[Plore], a hacker with an interest in safe cracking, read a vehemently anti-smart-gun thread in 2015. With the words “Could you imagine what the guys at DEF CON could do with this?” [Plore] knew what he had to do: hack some smart guns. Watch the video below the break.
Armed with the Armatix IP1, [Plore] started with one of the oldest tricks in the book: an RF relay attack. The Armatix IP1 is designed to fire only when a corresponding watch is nearby, indicating that a trusted individual is the one holding the gun. However, by using a custom-built $20 amplifier to extend the range of the watch, [Plore] is able to fire the gun more than ten feet away, which is more than enough distance to be dangerous and certainly more than the few inches the manufacturers intended.
Not stopping there, [Plore] went to the other extreme, creating what he calls an “electromagnetic compatibility tester” (in other words, a jammer) that jams the signal from the watch, effectively preventing a legitimate gun owner from firing their gun at 10 to 20 feet!
Not one to call it quits, [Plore] realised that the gun prevented illicit firing with a simple metal pin which it moved out of the way once it sensed the watch nearby. However, this metal just happened to be ferrous, and you know what that means: [Plore], with the help of some strong magnets, was able to move the pin without any electrical trickery.
Now, we’ve already covered the many hurdles that smart guns face, and this specific investigation of the state of smart gun technology doesn’t make the picture look any brighter. We’re aware that hindsight is always 20/20, so let us know in the comments how you would fix the problems with the Armatix IP1.
Continue reading “Smart Gun Beaten by Dumb Magnets”
Had enough of fidget spinners yet? If you haven’t heard, a toy that consists of a bearing in the center of a multi-lobed flat structure that’s designed to spin around the bearing’s axis with little force has taken the world by storm. Usually, these devices are about 10cm in diameter or less. But, everything is bigger in Texas. So, naturally, students from the University of Texas at Dallas got to work making the largest fidget spinner in the world.
Clocking in at 150 pounds and 45 inches in diameter, this thing is undeniably huge. The structure is made out of what looks to be veneered plywood glued together to make a ~2.5in thick structure to put their bearings in. And, after washing their bearings with soapy water, the students get to work press fitting their 2.2in by 10.5in ball bearings into their painted wooden structure. Their video embedded below is an entertaining watch, it starts with a gag, but moves on the project afterwards.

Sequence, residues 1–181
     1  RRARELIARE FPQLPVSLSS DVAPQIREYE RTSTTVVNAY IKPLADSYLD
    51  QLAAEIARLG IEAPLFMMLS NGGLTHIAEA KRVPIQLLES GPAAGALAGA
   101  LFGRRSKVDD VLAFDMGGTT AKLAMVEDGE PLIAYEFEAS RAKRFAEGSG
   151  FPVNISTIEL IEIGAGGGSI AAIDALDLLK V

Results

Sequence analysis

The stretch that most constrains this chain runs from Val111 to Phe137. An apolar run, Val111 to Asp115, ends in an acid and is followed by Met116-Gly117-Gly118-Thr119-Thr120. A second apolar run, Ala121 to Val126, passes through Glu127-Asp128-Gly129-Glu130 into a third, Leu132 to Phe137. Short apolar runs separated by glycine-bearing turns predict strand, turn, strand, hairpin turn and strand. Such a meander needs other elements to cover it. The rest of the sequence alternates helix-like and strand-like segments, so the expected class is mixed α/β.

Haven’t gotten enough fidget spinner news? Fear not, we’ve got you. [MakerStorage] has a fidget spinner designed to teach STEAM. Just in case manually spinning a fidget spinner is above you, we’ve got robots on the job. Want to see something more vibrant? How about POV on a fidget spinner?And if you’ll never get tired of fidget spinners, we’ve got a fidget spinner for that too.
Continue reading “Fidget Spinner Gigantor”
What do you do when your motherboard is covered in electrolytic grime, has damaged pads and traces that are falling apart? You call [RetroGameModz] to work their magic with epoxy and solder.
While this video is a bit old, involved repair videos never go out of style. What makes this video really special is that it breaks from the common trend of “watch me solder in silence” (or it’s close cousin, “watch me solder to loud music”). Instead, [RetroGameModz] walks you through what they’re doing, step by step in their repair of a motherboard. And boy do they have their work cut out for them: the motherboard they’re working on has definitely seen better days. Specifically, it was better before corrosion from a leaking electrolytic capacitor and the well-meaning touch of its owner.
After a quick review of the damage, all of the components are removed from the battle zone. Then the cleaning begins, taking special precautions not to rip pads up. After everything’s cleaned up, things get really interesting. [RetroGameModz] starts to make their own pads from raw copper using the old pads as templates to replace the missing ones on the motherboard. After a bit of epoxy, it’s hard to tell that the pads were handmade, they fit in so well.
This epoxy trick is also used to deal with some heavily damaged traces, cool! During this repair, [RetroGameModz] used an epoxy that is heat resistant up to 315°C for 60 seconds. If you ever find any kind of epoxy on the market that is specified to be heat resistant up to more than 315°C, [RetroGameModz] would be quite happy if you could leave some info in the comment section, as they’ve found high-temperature epoxies quite difficult to source.
This goes to show that some repairs really should be done by professionals. [RetroGameModz] surely agrees, stating that “If you are not a repair technician and your motherboard has stopped working, it would be in the best of your own interest not to attempt a repair that you really cannot handle.” Good advice. But, we can never resist trying to fix things ourselves before handing things off to the more experienced. Call it a vice, or a virtue; we’ll call it fun.
What do you think? Are there some repairs you rely on technicians for? Or do you fix everything yourself? Let us know in the comments.
Continue reading “PCB Solder Pad Repair & Cleanup”
Casting is an exciting and very useful pastime, but it’s not exactly common these days. That’s a problem whether you’re just getting started or have been doing it for years: everyone can use the advice of another. Fear not! The US Department of Energy is here to help with the Industrial Metal’s Program’s Metal Casting cornucopia.